As IT experts, you may not know which brands are in or out or which are this year's best sellers or out-and-out failures. But you certainly are adept at finding, integrating, and supporting the systems your company's inventory experts can use to make sure they have plenty of this year's hot items and none of the failures -- whether shoppers prefer your company's online or physical store.
Despite the growing evidence of the importance of integrating the two worlds, many retailers continue to operate their e-commerce and brick-and-mortar stores separately, straining company resources, IT infrastructure, and shoppers' patience. In fact, half of today's retailers have incomplete or no integration between their physical and online stores, according to a report released this month by Edgell Communications (registration required).
Why is that important? As the branding consulting firm Interbrand wrote in the introduction to its annual Best Retail Brands report:
Perhaps the biggest challenge for a more agile brand is keeping all the brand touchpoints connected and aligned with the home store, where the entire brand offering is available. Additionally, maintaining the expected level of customer service, which in today's competitive landscape becomes exponentially more critical in helping every shopper interaction lead to brand adoption.
IT is the cable that connects the virtual and physical worlds. Though some shoppers may interact solely with one side or the other, many more will glide between them, perhaps searching online and picking up at the local store, buying online and returning to a brick-and-mortar site, or showrooming -- coming to the store to compare prices but opening themselves to the opportunity to buy from one of your sites.
There's no doubt retailers would love to leverage the relationship between a store in, say, one part of Manhattan and one six blocks away, but most are not taking the same approach with their online operations. A measly 25 percent of respondents to an Edgell Communications survey offer a fully integrated store and online presence, including product mix and pricing. As a result, shoppers could find one price online and another in the store, or they could locate a product on the Internet but not at their local shop. Edgell also found that one-fourth of retailer Websites are not e-commerce-enabled. Envision the frustration of shoppers who, upon finding an item they want, cannot actually buy it.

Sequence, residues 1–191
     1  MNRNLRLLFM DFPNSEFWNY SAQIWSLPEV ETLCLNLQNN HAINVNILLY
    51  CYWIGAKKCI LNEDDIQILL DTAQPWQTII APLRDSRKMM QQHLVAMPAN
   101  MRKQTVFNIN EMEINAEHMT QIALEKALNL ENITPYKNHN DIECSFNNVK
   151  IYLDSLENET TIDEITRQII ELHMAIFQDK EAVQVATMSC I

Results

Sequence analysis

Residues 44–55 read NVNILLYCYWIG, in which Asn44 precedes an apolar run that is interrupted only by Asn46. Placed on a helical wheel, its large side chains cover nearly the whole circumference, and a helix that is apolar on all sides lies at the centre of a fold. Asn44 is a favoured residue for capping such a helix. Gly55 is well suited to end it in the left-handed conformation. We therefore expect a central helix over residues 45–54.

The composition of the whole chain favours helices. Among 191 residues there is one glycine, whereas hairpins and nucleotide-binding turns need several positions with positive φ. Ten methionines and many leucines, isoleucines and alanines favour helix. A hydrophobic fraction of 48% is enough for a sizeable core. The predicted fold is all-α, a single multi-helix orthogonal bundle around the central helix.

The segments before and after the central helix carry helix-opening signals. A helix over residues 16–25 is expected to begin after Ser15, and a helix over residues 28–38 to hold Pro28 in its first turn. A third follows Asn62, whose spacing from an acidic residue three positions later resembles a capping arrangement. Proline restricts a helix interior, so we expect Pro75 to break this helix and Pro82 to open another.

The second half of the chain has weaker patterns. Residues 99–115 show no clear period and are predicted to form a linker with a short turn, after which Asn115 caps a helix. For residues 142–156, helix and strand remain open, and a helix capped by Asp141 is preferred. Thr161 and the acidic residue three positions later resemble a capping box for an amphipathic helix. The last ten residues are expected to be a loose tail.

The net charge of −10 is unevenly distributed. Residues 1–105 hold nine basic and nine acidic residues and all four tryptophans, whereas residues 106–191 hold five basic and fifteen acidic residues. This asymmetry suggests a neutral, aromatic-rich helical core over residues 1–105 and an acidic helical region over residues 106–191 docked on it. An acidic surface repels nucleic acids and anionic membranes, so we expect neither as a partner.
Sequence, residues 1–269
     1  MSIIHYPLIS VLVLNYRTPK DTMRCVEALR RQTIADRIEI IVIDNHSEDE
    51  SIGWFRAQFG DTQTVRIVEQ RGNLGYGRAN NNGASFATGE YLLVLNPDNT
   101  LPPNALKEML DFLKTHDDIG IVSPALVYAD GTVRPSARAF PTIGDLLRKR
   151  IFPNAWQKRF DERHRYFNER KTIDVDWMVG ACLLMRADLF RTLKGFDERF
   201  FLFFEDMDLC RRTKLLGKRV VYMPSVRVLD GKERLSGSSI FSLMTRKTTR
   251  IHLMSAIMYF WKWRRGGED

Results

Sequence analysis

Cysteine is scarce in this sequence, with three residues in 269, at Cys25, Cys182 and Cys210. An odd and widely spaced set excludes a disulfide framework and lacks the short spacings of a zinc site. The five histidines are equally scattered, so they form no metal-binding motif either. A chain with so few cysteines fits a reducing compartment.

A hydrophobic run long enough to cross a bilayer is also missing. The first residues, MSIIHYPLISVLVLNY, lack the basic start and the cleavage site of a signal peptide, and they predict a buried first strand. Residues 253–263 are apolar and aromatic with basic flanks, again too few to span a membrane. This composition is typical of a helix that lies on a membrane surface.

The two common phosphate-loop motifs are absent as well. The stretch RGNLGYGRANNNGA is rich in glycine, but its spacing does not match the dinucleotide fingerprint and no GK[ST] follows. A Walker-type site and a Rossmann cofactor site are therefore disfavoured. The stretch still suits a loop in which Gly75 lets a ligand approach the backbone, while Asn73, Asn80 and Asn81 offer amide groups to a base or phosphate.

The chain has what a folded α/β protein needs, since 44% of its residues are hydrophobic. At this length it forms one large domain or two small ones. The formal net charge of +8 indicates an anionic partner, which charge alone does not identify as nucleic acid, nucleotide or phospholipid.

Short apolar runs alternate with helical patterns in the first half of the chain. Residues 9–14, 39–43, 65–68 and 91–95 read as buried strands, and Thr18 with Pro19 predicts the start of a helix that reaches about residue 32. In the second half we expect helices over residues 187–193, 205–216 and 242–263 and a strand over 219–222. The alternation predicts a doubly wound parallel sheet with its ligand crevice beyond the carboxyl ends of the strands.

Enter IT. With their knowledge of e-commerce, collaboration, inventory, and accounting solutions, technologists are the logical intersection between online and physical stores. If midsized companies don't have in-house expertise, plenty of solution providers that specialize in retail are available for consultation on these projects.
These experts already have c-level mindshare. After all, 80 percent of respondents to the Edgell survey said sharing inventory online is important. Nevertheless, only 15 percent do it. Eighty-three percent are concerned about the new and growing trend of showrooming. But many are lethargic about acting on their concerns; only 12 percent have built a strategy to address this, and 4 percent consider themselves well equipped today.
These strategies include in-store matching of online prices, in-store pickup for online orders, providing consistent cross-channel experiences, giving the sales force real-time information, exclusive in-store products, reducing the number of showrooming-prone products, offering more in-store promotions, and preventing barcode scanning. Yet many of these tactics require a level of integration that doesn't exist at many retailers today.
IT can become retail heroes. They have the tools and the knowledge. They just need a green light to integrate the virtual and physical worlds.
— Alison Diana , ThinkerNet Editor, Internet Evolution